An Interview with Robert Viglione, Founder of ZenCash
Q: Why did you decide to create a privacy coin?
RV: The whole point of it was to create a censorship-resistant network so people could have privacy on their transactions, privacy on messaging, privacy on publishing. It was really designed to open the world up and tear down borders.
Q: Who do you expect to use ZenCash?
RV: The first group is people who care about privacy. People in the Bitcoin world who realised it isn’t very private — That was our first audience. Now we are trying to build out our audience and mainstream it. The core audience is people who need privacy around the world.
Q: Do you see any use case for activists, dissidents, human rights defenders?
RV: Of course that’s who we think about as the user. That’s where the censorship resistant aspect comes from, and why we have it. I think it’s a perfect tool for them.
Q: What are the new applications you’re building on ZenCash and how can they be used by human rights defenders?
RV: ZenChat is messaging which lets users communicate with each other without fear of repression or surveillance even for people who are in parts of the world which deny them access to parts of the internet. We’re developing a domain fronting application called ZenHide which hides your access to the network. It looks like you’re using a Google server or an Amazon server and it’s designed to get you into the network so you can use all of our tools.
Then ZenPub is for secure publishing — if you’re a journalist in a repressed part of the world or a whistleblower and want to publish something without fear you can do it with ZenPub.
Q: Security tools are often difficult to use, how usable are the Zen tools?
RV: The first generation was not very usable. The second generation will be very usable. Right now we have what we call “operation radical usability” which is a huge product push to redesign our products and make them super simple for new users. I’ll be honest, the first generation products were really designed for more technical users, just to have something out there already that they can use.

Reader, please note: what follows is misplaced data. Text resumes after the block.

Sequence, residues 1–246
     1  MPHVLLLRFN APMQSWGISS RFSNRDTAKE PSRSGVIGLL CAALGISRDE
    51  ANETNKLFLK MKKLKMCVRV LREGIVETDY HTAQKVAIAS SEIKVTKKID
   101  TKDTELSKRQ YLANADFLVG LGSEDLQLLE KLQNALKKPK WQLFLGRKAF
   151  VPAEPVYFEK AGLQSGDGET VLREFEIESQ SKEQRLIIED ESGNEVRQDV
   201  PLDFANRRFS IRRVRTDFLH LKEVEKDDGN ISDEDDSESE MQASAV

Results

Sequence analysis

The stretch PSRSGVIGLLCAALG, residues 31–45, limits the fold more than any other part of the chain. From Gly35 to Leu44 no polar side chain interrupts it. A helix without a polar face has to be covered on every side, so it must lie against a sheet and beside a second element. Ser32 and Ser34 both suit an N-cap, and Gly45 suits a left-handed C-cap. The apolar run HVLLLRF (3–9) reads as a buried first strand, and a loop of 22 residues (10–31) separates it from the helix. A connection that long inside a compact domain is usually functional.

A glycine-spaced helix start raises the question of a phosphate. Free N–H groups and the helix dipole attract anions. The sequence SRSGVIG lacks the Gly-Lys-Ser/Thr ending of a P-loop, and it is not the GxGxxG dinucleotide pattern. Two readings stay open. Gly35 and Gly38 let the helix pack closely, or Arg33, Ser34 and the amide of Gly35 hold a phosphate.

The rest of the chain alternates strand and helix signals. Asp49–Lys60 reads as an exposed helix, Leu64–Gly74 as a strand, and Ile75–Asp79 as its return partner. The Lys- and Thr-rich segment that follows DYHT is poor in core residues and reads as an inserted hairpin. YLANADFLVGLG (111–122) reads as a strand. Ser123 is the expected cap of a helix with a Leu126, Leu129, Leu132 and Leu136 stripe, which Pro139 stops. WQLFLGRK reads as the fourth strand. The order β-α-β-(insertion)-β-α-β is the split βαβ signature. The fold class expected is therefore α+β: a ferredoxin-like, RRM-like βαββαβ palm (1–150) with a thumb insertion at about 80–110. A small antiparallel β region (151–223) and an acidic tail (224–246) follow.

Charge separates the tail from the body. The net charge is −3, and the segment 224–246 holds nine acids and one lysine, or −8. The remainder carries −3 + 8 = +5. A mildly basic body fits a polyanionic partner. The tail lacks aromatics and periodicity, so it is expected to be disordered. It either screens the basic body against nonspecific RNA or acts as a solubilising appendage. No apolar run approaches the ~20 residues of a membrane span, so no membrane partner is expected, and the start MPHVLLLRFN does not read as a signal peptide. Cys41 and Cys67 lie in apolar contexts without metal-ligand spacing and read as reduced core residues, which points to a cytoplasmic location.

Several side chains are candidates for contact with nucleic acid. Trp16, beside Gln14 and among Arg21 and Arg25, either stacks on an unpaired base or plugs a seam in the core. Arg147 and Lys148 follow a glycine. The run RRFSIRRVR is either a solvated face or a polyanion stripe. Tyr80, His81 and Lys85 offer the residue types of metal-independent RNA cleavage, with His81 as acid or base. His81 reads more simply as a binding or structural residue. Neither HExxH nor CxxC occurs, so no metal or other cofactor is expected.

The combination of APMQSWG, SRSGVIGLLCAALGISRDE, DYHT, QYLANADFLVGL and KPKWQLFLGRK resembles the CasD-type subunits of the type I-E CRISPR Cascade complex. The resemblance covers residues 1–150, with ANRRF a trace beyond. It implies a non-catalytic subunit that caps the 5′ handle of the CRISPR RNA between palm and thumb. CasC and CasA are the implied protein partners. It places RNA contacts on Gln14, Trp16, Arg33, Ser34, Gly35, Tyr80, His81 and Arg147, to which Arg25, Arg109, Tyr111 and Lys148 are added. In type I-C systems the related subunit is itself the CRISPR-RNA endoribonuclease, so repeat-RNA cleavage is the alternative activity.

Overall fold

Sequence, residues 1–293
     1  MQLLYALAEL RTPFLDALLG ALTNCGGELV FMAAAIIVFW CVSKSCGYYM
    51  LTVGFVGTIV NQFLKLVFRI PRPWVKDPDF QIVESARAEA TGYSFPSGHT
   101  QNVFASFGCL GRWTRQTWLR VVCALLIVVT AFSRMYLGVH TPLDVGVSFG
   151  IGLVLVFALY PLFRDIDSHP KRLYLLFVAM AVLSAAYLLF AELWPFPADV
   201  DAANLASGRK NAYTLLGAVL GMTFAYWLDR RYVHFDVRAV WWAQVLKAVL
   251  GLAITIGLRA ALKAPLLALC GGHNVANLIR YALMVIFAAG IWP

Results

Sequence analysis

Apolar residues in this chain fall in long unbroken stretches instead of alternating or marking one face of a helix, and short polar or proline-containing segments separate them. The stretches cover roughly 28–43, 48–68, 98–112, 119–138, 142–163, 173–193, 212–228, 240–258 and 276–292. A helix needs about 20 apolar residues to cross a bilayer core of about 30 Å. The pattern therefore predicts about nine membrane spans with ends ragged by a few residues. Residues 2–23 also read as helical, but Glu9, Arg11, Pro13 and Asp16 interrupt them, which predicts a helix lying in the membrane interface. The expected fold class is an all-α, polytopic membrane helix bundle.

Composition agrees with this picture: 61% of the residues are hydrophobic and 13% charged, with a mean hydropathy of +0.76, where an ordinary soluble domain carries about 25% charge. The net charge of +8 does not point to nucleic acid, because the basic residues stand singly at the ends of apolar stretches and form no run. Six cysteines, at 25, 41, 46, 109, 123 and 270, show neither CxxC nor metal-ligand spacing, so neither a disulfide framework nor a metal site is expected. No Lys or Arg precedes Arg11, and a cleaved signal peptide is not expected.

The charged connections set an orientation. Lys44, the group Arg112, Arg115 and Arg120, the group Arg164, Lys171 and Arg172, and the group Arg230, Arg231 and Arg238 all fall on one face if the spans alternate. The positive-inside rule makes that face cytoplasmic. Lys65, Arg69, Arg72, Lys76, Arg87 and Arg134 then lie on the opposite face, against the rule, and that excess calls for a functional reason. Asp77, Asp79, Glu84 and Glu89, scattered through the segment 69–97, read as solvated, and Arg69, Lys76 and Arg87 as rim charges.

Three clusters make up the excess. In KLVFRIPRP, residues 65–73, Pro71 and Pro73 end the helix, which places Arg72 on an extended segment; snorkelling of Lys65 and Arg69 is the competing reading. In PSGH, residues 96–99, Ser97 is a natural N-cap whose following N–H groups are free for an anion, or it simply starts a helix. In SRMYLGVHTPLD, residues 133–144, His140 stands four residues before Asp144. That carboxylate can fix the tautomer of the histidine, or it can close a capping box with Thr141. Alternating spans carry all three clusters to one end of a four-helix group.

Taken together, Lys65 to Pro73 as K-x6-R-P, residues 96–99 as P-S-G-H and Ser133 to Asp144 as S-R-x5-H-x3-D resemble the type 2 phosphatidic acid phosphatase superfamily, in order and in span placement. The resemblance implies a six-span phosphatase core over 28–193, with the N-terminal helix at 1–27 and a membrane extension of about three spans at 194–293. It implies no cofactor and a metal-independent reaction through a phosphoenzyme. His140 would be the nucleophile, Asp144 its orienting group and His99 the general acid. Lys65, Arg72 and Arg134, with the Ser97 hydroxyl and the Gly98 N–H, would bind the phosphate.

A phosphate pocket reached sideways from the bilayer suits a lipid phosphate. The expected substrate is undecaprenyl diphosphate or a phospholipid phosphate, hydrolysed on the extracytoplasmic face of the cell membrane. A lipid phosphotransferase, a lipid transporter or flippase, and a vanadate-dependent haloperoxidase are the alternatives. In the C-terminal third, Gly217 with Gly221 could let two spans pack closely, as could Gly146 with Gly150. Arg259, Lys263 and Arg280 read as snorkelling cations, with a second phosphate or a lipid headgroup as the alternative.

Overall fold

Q: What else in the blockchain space are you excited about?
RV: I’m looking at liquid democracies concepts like what we’re doing with our voting systems, because we want to empower people and this can be used for communities where you can have proof of fair elections, or figure out how you can do resource allocation together. I really like those applications because I think it’s an interesting governance domain — not just publishing and accessing networks, but once you’re a networked community, do you have a voice in that community?
I think our voting system within ZenCash is the most exciting — not just because I’m biased but because it actually comes from game theory research. We’re solving two big issues with voting systems and DAOs [decentralised autonomous organisations]. One is that you don’t want the voting system itself to influence the outcome, so we have secret balloting. We use our privacy technology where at the end of voting the votes are revealed, rather than having them revealed along the way which could tilt the vote. The other issue is voter apathy — we want to overcome it by actually paying the voters. So we use a bit of economics there. It’s cool because as a member of the community you can actually earn an income by being a good citizen.
Q: Thanks so much Rob!
RV: My pleasure Neil.
I do hope to contribute to a conversation about usage of blockchain for human rights promotion and by human rights defenders. How will cryptocurrency, privacy coins, blockchain applications especially with privacy features built-in be of use in their hands? Please share your thoughts in the comments, Twitter, new posts, etc!
Learn about Blockchain: What is blockchain? The most disruptive tech in decades (ComputerWorld) | Still don’t understand the blockchain? This explainer will help (World Economic Forum)
Learn about Bitcoin: www.bitcoin.org
Learn about Zencash: www.zencash.com
If you would like to donate cryptocurrency to the work of DefendDefenders, we would love to accept it. We are currently working on a policy to enable this within the formal structures of the organisation. Shoot us an email at firstname.lastname@example.org to be notified when we begin accepting cryptocurrency donations.
Neil Blazevic is the DefendersTech program manager at DefendDefenders, an organisation committed to protecting and supporting human rights Defenders across East and Horn of Africa, and CTO at BlockchainAG, a Uganda-based blockchain service company. Tweets from @neilblazevic.